What is psychotherapy
Psychotherapy describes a relationship between a therapist (psychotherapist) and a client or clients (sometimes also referred to as a patient or patients) in which both therapist and client work with what the client brings to therapy, as well as the dynamics of their relationship.
Different approaches to psychotherapy define the nature, purpose and task of psychotherapy in different ways, with different emphasis on the clients:
- Personal, social, cultural, spiritual identity, context and environment
- Past, present and future
- Childhood and history
- Nature of the therapeutic relationship
- Intrapsychic and interpersonal life, unconscious dynamics
- Affect, behaviour, cognitions and somatic experiencing
Who psychotherapists work with:
Depending on their training and experience, psychotherapists work with:
- Children and young people
Psychotherapy takes place in different settings and agencies in public, voluntary, and private sectors; and, generally, in a particular and designated room, although some therapists also work outdoors.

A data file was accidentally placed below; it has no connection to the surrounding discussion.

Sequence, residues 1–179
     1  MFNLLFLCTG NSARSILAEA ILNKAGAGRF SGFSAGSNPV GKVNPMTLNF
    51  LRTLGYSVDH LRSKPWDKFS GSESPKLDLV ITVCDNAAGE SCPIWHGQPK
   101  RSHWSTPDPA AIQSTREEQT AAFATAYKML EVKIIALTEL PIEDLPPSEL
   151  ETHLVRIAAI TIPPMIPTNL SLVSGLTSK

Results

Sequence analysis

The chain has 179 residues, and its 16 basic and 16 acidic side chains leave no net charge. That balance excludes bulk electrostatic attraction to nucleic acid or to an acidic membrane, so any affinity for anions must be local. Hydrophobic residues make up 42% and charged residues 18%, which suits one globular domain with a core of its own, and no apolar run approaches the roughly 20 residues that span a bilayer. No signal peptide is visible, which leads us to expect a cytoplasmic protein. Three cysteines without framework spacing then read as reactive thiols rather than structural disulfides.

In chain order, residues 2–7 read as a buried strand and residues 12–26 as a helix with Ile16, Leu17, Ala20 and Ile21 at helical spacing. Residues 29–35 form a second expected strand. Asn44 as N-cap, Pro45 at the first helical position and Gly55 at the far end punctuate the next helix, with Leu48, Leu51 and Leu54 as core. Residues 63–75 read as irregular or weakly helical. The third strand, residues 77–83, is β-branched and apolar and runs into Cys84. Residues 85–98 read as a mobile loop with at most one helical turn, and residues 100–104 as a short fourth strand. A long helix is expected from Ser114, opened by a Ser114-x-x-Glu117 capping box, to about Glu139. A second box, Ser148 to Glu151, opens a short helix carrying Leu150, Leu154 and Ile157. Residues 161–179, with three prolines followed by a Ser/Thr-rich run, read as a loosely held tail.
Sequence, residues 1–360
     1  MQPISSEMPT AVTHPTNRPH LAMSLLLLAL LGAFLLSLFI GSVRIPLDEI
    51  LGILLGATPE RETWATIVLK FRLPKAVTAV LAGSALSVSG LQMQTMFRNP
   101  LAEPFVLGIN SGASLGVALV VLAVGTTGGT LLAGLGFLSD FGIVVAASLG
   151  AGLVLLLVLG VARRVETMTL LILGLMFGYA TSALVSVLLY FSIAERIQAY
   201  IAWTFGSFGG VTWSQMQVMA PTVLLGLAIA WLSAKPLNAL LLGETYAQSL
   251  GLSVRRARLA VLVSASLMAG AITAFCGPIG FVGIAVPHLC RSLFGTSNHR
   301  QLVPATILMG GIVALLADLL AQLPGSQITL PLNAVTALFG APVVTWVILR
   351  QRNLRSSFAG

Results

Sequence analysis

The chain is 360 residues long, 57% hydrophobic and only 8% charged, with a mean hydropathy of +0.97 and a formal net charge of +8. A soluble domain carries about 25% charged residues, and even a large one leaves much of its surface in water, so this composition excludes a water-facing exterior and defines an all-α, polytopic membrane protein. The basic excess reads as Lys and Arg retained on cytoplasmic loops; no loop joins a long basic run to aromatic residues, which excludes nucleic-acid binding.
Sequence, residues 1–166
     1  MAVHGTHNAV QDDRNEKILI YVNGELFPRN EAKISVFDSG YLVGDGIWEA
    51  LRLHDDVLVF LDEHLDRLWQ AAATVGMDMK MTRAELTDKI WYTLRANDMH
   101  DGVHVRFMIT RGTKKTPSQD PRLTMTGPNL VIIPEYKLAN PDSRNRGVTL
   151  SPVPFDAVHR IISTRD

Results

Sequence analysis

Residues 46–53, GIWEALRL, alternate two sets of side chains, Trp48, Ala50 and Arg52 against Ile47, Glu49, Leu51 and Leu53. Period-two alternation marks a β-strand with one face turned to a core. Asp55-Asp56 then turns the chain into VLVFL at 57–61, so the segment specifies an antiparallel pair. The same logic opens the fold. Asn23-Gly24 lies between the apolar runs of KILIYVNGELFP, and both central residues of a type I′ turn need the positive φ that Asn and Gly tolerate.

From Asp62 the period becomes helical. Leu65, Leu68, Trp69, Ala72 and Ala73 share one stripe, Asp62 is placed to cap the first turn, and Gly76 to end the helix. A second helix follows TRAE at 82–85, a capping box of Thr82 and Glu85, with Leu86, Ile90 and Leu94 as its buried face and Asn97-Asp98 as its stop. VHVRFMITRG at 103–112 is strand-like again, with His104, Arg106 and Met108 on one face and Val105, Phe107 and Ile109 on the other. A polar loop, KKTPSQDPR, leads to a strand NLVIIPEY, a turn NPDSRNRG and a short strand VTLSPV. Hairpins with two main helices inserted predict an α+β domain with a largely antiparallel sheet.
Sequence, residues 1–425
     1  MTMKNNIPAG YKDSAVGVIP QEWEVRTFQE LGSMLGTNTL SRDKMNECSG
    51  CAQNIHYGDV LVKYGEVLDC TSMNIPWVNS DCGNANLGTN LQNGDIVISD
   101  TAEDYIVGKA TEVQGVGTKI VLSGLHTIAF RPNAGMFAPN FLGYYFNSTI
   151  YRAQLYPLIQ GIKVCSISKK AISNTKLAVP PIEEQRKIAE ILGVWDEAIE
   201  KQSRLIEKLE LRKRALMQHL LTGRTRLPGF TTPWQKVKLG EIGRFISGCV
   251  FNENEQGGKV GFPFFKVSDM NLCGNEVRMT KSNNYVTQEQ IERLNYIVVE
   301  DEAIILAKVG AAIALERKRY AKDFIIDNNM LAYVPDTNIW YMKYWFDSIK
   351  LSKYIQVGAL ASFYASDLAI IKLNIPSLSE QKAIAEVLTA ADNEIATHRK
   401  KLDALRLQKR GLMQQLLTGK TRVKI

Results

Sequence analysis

Professional psychotherapy organisations in New Zealand
- New Zealand Association of Psychotherapists (principal professional organisation in NZ)
- New Zealand Association of Child and Adolescent Psychotherapists (child and adolescent psychotherapists' principal professional organisation in NZ)
Last updated: 20-Oct-2015 3.03pm
The information on this page was correct at time of publication. For a comprehensive overview of AUT qualifications, please refer to the Academic Calendar.